Shout out to Pepe Urquijo for your film San Quentin Film School! Wow, the first episode is captivating right off the bat. I am linking here below to the first episode aired on Discovery. The Discovery Channel is running the entire series (check local listings or connect with filmmaker Pepe Urquijo on Facebook).
Maybe we’ll get Pepe online with an interview here at Sweet Entertainment, to talk more about how this project came to be, and how the process impacted him as a filmmaker.
My sense of shock at the number of people behind bars in our country is matched only by the fact that about fifteen years ago it became acceptable to make a profit off of our prison system. The obvious conflict of interest, and market driven factors to keep enough clients is such a stunning example of the weaknesses recently built into and seen in our economic system. Media coverage is already barely covering so many topics, its been easier to leave the subject to those who most passionately speak up.
Discovery Channel’s San Quentin Film School series introduces nine inmates selected like any filmmakers in a competition. In this case, the judges were the prison administration, Discovery and the filmmakers who deliberated and selected the men to attend this film school taught inside, giving the inmates an opportunity to tell their own stories. We as the audience benefit in meeting and learning about each of the students, and their intersection with prison system. Click on the link below to see the first episode on youtube thanks to joeymeadowcreek. The series runs through April on Discovery Channel Friday mornings at 9:00 a.m.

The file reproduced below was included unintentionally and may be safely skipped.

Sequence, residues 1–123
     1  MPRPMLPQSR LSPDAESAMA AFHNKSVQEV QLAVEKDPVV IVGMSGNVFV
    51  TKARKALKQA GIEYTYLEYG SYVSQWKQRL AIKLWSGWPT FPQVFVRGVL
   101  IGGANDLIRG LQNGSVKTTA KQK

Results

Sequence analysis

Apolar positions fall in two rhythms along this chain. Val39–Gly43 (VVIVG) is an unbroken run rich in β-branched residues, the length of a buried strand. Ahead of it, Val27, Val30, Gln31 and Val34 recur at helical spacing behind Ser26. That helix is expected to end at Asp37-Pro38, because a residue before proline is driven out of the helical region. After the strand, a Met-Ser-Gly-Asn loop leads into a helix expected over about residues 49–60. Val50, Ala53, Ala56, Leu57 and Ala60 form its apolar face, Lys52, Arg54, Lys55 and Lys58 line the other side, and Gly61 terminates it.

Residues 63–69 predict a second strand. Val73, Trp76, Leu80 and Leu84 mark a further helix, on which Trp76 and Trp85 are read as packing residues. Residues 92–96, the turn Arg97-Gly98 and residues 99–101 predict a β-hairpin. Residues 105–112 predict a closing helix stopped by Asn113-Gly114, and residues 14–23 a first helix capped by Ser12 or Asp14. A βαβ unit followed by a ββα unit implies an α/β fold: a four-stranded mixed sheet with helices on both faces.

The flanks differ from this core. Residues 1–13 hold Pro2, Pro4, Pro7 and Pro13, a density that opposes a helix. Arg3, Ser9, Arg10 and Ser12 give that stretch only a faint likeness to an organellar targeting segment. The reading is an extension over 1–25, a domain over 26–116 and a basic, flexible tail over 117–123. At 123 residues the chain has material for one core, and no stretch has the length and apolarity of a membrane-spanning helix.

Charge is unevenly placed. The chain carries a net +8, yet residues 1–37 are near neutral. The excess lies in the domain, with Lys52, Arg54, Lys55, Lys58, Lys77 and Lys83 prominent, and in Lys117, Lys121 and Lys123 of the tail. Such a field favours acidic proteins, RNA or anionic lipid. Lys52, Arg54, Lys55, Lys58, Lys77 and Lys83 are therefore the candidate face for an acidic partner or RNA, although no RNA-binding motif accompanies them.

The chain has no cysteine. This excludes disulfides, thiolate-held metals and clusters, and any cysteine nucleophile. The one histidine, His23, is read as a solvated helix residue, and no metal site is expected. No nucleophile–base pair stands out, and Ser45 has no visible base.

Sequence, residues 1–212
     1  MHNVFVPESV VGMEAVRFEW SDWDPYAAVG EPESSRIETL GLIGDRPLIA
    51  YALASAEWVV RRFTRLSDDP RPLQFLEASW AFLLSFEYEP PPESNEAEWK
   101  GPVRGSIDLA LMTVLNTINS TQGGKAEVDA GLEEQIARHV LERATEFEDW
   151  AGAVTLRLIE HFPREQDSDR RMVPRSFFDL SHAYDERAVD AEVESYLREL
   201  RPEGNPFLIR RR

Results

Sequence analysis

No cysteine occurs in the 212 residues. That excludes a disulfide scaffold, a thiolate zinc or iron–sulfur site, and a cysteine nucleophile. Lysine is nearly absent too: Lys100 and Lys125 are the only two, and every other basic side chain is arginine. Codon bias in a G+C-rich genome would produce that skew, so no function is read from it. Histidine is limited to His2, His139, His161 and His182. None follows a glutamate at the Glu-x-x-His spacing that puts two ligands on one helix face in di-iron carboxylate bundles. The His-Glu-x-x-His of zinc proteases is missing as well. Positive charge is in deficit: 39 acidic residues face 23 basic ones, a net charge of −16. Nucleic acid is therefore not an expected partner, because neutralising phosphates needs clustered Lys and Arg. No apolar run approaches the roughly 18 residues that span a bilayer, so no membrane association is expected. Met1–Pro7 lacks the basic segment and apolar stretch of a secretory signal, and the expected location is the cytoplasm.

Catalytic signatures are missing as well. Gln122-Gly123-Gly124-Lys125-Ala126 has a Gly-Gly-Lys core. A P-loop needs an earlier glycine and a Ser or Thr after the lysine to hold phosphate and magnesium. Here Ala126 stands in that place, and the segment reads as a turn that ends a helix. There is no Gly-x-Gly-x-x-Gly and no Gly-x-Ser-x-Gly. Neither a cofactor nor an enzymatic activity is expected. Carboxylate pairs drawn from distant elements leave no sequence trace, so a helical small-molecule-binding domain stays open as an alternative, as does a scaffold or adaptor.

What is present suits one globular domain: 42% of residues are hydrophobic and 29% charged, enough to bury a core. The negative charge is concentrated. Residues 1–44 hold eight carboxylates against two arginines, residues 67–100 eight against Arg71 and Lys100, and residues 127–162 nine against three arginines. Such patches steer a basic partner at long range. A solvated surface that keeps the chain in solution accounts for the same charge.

I appreciate the contribution Pepe has made. Its very impressive to see another filmmaker sharing his skills in that way – giving the tools to learn how to fish. For if we can tell our own stories we will live a life long filled with cultural richness. To be eliminated from telling one’s story is the cruelest punishment.
I also want to thank people like Ruth Morgan and her organization Community Works. Community Works engages youth and adults in arts and education programs that interrupt and heal the far-reaching impact of incarceration and violence by empowering individuals, families and communities.
I met Ruth several years ago when I was part of an event honoring Ohlone elder women. Ruth has advised me on several projects I have been developing, through her example and kind advice whenever I have asked. Ruth kindly gave me permission to include some of the photographs of the elder women in Witness the Healing.
Ruth has greatly inspired me with her dedication to Jail Arts a program she began in 1979.
Both of these projects offer a deeper understanding of and share the stories of the people inside, and their families on the outside, told through their words and creative expressions.